The ethical and moral debate over expanding embryonic stem cell research could motivate voters on both sides of the issue in this year's U.S. congressional elections.
Embryonic stem cells are master cells within the fetus that can develop into any form of human tissue.
Supporters of expanding stem cell research contend it has the potential to help treat diseases like Alzheimer's, Parkinson's and diabetes, as well as some spinal cord injuries.
Cody Unser was stricken with a rare spinal cord infection that has left her a paraplegic.
"Over 100 years ago, man could not fly. All I want to do is walk again. Stem cell research is my answer. Do not let me and others who are suffering wait any longer," he said.
Advocates have focused on expanding embryonic stem cell research because scientific experiments have shown them more adaptable than adult stem cells.
But opponents of expanding stem cell funding counter that it is immoral to destroy the embryos used in the research, arguing they represent the earliest form of human life.
In fact, the stem cell issue became the subject of President Bush's first congressional veto. In July, the president struck down an attempt by lawmakers to lift federal funding restrictions on human embryonic stem cell research.
"In this new era, our challenge is to harness the power of science to ease human suffering without sanctioning the practices that violate the dignity of human life," said Mr. Bush.
Mr. Bush says the pre-existing stem cell lines that are currently the subject of federally funded research are adequate and that taxpayers should not support expanded research on surplus embryos at fertility clinics, even if they are slated for disposal.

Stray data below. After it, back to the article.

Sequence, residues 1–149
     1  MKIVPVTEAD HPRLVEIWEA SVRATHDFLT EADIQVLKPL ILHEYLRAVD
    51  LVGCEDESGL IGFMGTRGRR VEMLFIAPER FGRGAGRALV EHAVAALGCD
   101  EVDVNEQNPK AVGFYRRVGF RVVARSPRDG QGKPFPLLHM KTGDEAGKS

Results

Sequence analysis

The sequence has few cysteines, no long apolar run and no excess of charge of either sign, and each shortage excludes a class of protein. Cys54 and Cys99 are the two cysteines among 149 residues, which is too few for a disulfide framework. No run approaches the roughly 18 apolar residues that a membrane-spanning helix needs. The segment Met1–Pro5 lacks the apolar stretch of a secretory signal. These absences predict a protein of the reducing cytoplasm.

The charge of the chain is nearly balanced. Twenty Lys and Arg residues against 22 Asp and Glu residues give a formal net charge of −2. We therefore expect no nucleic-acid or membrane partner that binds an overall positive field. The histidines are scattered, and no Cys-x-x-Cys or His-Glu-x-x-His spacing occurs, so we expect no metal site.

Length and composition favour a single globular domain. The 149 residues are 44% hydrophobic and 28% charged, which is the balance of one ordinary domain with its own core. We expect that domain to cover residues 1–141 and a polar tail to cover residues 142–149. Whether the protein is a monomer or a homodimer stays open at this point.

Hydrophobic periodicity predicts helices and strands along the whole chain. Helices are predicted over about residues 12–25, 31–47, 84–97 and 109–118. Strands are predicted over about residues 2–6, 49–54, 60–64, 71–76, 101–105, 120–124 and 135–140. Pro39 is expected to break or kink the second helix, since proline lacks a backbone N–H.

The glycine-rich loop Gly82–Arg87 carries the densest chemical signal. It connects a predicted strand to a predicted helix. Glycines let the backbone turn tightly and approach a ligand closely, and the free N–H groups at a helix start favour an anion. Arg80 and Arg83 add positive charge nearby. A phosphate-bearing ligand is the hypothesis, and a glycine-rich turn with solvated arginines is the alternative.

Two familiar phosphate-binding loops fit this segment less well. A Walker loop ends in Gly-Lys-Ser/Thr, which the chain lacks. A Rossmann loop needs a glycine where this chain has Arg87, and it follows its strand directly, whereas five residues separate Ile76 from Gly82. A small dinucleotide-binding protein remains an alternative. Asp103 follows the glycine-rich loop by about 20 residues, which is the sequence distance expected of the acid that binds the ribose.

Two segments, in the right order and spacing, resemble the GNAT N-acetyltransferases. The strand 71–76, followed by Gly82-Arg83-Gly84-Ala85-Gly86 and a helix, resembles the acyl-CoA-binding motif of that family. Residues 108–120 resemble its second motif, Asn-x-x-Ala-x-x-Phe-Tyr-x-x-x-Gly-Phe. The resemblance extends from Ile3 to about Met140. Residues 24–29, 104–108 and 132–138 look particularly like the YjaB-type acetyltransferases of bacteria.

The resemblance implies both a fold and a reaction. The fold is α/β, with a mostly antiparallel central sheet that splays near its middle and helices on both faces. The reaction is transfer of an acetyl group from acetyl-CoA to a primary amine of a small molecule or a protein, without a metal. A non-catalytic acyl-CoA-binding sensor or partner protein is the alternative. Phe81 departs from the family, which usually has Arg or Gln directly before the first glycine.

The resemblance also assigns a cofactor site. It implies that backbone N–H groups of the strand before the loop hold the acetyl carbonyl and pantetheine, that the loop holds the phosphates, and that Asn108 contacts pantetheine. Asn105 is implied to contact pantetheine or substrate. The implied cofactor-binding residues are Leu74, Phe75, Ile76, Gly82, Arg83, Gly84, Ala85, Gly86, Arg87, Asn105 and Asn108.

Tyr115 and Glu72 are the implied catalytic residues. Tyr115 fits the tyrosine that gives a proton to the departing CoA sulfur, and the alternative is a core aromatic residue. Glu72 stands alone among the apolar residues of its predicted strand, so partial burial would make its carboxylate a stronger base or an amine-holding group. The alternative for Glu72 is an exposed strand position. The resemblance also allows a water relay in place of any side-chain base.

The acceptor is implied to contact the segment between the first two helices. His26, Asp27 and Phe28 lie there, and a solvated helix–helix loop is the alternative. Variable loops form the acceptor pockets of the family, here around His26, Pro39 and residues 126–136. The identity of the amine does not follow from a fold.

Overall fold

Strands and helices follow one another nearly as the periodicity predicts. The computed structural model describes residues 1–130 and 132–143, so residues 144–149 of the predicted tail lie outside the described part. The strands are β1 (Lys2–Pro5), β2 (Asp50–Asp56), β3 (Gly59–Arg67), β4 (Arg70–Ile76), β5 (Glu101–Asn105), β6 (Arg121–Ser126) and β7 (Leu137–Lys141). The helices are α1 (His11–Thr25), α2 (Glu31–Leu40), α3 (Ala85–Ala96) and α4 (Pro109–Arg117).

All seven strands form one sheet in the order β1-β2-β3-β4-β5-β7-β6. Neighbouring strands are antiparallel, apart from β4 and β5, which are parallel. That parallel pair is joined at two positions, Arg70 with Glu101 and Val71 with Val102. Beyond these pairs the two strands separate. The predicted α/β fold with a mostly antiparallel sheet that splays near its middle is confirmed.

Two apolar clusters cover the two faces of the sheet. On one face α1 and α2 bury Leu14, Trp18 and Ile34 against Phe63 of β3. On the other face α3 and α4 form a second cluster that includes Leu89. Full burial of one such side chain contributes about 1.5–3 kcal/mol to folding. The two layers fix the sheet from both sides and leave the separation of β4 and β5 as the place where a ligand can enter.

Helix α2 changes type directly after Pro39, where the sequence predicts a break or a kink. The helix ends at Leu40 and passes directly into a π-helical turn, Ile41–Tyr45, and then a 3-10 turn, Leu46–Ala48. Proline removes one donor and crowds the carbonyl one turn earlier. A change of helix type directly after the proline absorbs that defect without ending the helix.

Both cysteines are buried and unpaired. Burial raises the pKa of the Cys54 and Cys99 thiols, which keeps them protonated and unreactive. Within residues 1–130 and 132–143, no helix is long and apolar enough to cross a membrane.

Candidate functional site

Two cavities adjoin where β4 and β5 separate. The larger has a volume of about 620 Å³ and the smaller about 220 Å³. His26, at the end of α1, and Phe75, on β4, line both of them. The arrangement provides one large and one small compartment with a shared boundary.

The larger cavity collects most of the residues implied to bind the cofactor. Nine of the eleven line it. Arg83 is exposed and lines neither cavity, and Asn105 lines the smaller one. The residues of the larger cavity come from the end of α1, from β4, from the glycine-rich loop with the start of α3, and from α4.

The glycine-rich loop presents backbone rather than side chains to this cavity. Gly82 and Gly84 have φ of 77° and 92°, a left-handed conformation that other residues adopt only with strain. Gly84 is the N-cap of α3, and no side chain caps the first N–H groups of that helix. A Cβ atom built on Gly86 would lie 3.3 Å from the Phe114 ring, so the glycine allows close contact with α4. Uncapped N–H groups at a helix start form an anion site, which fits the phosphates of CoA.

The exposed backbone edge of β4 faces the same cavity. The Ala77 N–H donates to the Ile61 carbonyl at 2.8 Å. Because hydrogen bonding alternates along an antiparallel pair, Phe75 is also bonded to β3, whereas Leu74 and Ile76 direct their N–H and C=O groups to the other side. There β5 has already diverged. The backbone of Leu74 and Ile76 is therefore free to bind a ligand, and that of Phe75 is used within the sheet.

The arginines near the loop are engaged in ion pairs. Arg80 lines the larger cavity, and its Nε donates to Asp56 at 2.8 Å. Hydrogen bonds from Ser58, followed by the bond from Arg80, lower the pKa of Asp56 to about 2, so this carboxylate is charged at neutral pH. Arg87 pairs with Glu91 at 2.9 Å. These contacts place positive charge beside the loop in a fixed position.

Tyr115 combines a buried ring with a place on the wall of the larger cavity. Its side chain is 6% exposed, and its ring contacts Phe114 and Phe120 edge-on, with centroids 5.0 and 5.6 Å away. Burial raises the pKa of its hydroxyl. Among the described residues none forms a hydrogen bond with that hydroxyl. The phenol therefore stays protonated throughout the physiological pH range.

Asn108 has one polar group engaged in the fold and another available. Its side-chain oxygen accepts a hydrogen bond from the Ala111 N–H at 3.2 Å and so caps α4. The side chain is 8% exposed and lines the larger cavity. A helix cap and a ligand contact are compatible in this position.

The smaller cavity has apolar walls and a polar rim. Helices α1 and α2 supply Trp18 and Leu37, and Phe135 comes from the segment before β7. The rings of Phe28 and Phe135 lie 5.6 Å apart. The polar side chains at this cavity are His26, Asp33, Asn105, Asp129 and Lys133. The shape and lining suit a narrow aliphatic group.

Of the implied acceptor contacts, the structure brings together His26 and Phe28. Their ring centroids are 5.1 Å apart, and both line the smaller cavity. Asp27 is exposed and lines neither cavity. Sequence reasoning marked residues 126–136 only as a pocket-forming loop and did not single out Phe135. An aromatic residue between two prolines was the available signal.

Conservative religious activists welcomed the president's veto. They oppose the use of human embryos for stem cell research and praise couples who adopt the embryos, implant them in a woman's womb and bring them to term.
But opinion polls indicate that most Americans are generally supportive of expanding stem cell research and excited about the potential they represent for combating diseases.
Even some notable Republicans have broken with the president on the issue. They include Senate Republican leader Bill Frist, a heart surgeon from Tennessee, and former First Lady Nancy Reagan, whose late husband, former President Ronald Reagan, battled Alzheimer's disease.
Political analysts believe the stem cell issue could have an impact on some of the congressional races in November when Republicans attempt to hold majorities in both the Senate and House of Representatives.
John Fortier monitors U.S. politics at the American Enterprise Institute in Washington.
"You have people who are pro-life behind the president and that may help Republicans in certain [congressional] districts," he explained. "But in northeastern districts, Democrats, I think, will be helped in certain swing or moderate districts where Republicans are put in a difficult position."
Conservative groups that emphasize opposition to social issues like homosexual marriage and abortion hope to seize on the stem cell issue as a way of boosting voter turnout in November.
Stuart Rothenberg publishes an independent political newsletter in Washington.
"This is one of those elections where while Democratic enthusiasm is up, at the moment, the early indications are that Republican enthusiasm is down," he noted.
Democrats believe their support for expanding stem cell research will appeal to independent and even moderate Republican voters who disagree with President Bush over the issue.
In the Midwest state of Missouri, voters will decide on a ballot initiative that would protect stem cell research. The issue has also become a hot topic of debate in the Missouri Senate race between Republican incumbent Jim Talent and his Democratic challenger, Claire McCaskill.